Does the U of M faculty share its work with the public enough?

(Center for a Public Anthropology)

It looks like the University of Minnesota needs to show us news hacks a little more love.

The Center for Public Anthropology recently issued a ranking that put the U 83rd overall out of 94 universities in how much its faculty in the social sciences communicates with the public through the news media.

It scanned 6,000 news sources over a five-year period to see how often each of the 13,000 faculty members studied were cited. It calculated the average citations per professor for each university and then compared that to the amount of federal funding each campus received.

Broken down, here's how five University of Minnesota departments ranked:

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Anthropology: 30th

Economics: 77th

Political science: 75th

Psychology: 83rd

Sociology: 81st

The U's most-cited professors were Larry Jacobs of the Humphrey School of Public Affairs, Kathryn Pearson of political science, and William Beeman of anthropology.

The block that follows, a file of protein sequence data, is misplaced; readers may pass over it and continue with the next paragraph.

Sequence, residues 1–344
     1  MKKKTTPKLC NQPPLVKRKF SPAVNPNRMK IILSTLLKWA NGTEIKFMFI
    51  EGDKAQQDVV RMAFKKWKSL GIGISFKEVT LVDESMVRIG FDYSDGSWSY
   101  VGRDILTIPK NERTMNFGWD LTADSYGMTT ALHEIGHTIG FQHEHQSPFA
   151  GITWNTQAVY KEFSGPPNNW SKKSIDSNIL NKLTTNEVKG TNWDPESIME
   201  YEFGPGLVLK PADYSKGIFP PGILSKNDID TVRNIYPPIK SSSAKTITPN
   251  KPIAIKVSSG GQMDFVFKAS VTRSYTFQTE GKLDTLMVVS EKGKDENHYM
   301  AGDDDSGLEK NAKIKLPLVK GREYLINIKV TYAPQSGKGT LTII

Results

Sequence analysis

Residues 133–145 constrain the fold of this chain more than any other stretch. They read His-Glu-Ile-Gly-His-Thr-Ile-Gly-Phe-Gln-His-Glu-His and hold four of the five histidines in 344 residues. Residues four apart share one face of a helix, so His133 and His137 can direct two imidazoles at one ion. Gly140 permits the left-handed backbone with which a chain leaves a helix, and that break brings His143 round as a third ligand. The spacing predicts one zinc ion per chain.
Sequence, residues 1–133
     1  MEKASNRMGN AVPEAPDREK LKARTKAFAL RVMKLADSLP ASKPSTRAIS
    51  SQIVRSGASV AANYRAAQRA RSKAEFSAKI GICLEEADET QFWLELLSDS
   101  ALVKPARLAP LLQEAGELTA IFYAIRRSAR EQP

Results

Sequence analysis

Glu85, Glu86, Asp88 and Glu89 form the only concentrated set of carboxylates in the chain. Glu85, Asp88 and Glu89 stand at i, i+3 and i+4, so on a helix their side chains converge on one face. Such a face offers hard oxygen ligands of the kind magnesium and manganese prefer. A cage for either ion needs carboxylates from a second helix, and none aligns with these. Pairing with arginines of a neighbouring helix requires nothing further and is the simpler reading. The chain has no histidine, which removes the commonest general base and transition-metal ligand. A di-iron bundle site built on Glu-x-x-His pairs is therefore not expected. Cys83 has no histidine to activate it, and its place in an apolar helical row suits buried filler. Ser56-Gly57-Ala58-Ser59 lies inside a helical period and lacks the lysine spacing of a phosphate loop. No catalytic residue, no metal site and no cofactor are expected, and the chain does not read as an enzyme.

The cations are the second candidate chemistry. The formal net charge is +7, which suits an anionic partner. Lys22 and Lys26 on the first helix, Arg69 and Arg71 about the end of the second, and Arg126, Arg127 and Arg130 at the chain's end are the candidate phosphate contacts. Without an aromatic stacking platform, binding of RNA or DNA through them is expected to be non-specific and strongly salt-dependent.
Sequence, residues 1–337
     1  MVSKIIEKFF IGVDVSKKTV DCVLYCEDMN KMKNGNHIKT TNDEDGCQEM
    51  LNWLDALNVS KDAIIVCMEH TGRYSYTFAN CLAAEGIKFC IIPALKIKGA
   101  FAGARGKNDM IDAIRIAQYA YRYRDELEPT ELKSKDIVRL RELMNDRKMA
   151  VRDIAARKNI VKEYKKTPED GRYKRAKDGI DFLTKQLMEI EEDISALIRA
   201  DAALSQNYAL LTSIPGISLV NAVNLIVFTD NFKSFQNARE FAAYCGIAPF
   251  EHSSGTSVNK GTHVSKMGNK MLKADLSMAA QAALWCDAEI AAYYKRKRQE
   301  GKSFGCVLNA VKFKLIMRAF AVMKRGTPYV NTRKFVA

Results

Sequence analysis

(You can see a full list of faculty and how they rated here.)

Why does this matter?

Officials from the center say it raises some key questions, mainly:

1) How much does public funding obligate faculty members to share their insights with the public at large?

2) When making decisions about tenure and promotion, should universities assess a professor's total impact by including his or her citations in the news media?

Emory University professor George J. Armelagos tells The Chronicle of Higher Education that having faculty members in the news media can draw attention to their departments.

But he explains why faculty engagement isn't higher:

... Academic culture often dissuades faculty members from seeking the spotlight, particularly if they are early in their careers and have yet to firmly build their academic bona fides.

"The senior people will think you're trying to establish your career by popularizing and getting notice in the newspapers," he said. "You don't want to be thought of as not wanting to pass the microphone."

The Chronicle adds another reason given by Tufts University professor Daniel W. Drezner:

There is also little reward and large risk to faculty members engaging with the news media ... Complicated ideas often get misinterpreted, misrepresented, or stripped of their nuances. Or reporters simply get things wrong.

And if a faculty member is too good at talking to the news media, he said, that can be a problem, too.

"The perception is that if you're quoted widely in the press, you're an empty head," Mr. Drezner said.